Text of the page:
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Asbestos Cottage, Kahurangi National Park

Image of the October 2020 Wilderness Magazine Cover Read more from the
October 2020 Issue

Glimpse into the past

The story of Annie Fox and Henry Chaffey captured me when I first read of it in Gerald Hindmarsh’s Kahurangi Calling. The runaway lovers lived in remote Asbestos Cottage for nearly 40 years and I was delighted to discover it’s possible to visit their former home, now restored as a DOC hut.

The first section of track is easy walking along the broad disused mine access road, through beech and mānuka forest. Tree canopies from either side of the path knit together overhead creating a light-dappled corridor of green.

We kept a steady pace on the gentle uphill gradient. The forest felt quiet; even the ordinarily lively bellbird and tui calls seemed languid in the hot haze of the day and we managed to get fairly close to a kererū before he decided, with a few lazy wingbeats, that he’d be happier elsewhere. A couple of weka proved to be less lethargic, tumbling mid-squabble from the upper banking onto the path.

On approaching the disused asbestos mine, the vegetation thinned and the serpentine rock, from which the green asbestos fibres were extracted, became prominent. The Hume Pipe Company operated the quarry between 1943 and 1963, at its peak extracting around 5000 tonnes of high-grade asbestos a year. Back then, demand for the mineral was high worldwide; due to its insulative and fire-retardant properties, the fibre was popular as a building material. Today, gnarled boots, broken shovel-heads and other rusty relics of the era are strewn across the mining site, though most have been collected into a pile around the directional signage that lets you know Asbestos Cottage is 30-minutes away.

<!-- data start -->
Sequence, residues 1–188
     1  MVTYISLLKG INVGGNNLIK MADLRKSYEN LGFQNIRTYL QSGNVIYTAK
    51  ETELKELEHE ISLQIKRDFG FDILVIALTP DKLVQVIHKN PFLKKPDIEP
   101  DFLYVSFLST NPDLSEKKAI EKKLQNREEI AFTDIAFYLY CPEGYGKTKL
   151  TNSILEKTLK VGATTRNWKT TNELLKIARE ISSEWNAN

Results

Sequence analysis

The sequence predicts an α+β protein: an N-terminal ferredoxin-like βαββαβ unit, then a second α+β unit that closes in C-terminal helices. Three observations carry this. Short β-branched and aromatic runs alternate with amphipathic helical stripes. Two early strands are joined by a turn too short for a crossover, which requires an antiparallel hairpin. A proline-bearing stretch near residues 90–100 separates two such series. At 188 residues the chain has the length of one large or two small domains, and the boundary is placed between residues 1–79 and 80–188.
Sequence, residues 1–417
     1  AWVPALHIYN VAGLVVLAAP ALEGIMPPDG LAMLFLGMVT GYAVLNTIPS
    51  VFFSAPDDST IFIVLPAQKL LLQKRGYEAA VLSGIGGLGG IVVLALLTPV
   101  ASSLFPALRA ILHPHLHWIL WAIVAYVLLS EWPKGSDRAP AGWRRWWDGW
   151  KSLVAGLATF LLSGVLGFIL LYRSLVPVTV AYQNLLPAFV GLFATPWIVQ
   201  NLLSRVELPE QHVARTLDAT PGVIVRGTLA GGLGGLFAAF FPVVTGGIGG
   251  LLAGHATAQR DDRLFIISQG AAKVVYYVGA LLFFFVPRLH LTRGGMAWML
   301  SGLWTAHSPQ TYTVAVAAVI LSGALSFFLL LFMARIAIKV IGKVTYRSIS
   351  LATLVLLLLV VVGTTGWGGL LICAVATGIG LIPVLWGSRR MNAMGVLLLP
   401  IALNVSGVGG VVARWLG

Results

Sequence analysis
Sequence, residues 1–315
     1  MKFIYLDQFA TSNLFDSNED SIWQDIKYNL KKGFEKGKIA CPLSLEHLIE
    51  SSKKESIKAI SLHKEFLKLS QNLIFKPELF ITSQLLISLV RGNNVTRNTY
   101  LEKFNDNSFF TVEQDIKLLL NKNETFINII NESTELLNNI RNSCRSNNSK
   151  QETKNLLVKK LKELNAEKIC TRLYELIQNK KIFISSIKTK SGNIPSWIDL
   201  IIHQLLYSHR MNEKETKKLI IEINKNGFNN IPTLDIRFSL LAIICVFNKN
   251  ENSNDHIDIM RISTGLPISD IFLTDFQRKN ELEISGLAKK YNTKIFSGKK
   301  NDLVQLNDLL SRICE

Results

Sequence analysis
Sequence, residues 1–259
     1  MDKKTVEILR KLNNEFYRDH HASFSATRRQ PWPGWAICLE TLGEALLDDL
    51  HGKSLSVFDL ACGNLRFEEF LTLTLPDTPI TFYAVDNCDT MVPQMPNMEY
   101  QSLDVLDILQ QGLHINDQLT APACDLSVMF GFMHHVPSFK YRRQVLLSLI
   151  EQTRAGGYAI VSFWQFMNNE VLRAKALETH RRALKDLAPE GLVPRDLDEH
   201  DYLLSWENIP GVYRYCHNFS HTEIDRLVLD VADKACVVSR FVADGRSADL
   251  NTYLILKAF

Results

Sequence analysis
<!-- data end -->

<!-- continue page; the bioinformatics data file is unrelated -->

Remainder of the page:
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Looking out over the old asbestos mine into the hills beyond. Photo: Elaine Dillon

We stopped every so often on the rocky and exposed track with the excuse of looking back at the old mine and the dark green spurs beyond, the harsh sunlight fading the more distant hills to greys and blues.

The true seclusion of the cottage becomes apparent as it’s approached. It’s not until you step across Camp Creek and bash up a short steep slope that you see it, suddenly only metres in front in all its red corrugated glory.

Originally built by asbestos miners in 1897, the cottage is over 120 years old. Excavation work in the late 1990s uncovered a number of tools and other relics which adorn the inside of the building and I spent some time examining these as well as various other bits and pieces on the shelves, such as powelliphanta shells, a wallet containing newspaper clippings and detail on the restoration work, and, rather touchingly, a note from Annie’s great-great-great nephew.

We ate our lunch outside the cottage, under a shady spot of trees. whilst admiring the blonde grass swaying in the sunlight. From here, it is a 30-minute walk to the Bullock Track which leads onto Cobb Ridge. An unmaintained track directly behind the cottage also leads to the ridge. An early start or an overnight stay could turn this into a loop walk as the ridge eventually joins up with the Cobb Dam Road again.

After lunch, we retraced our steps back to the car but not without one last long look from the slope behind the cottage. I don’t know that I could live there for 40 years but it would be a long time before I tired of the views.

– Elaine Dillon

Distance
5km to hut
Total Ascent
730m
Grade
Easy
Time
3.5 - 4 hours return
Accom.
Asbestos Cottage (free, four bunks)
Access
From Cobb Dam Road, 2km past the powerhouse
Map
BP24

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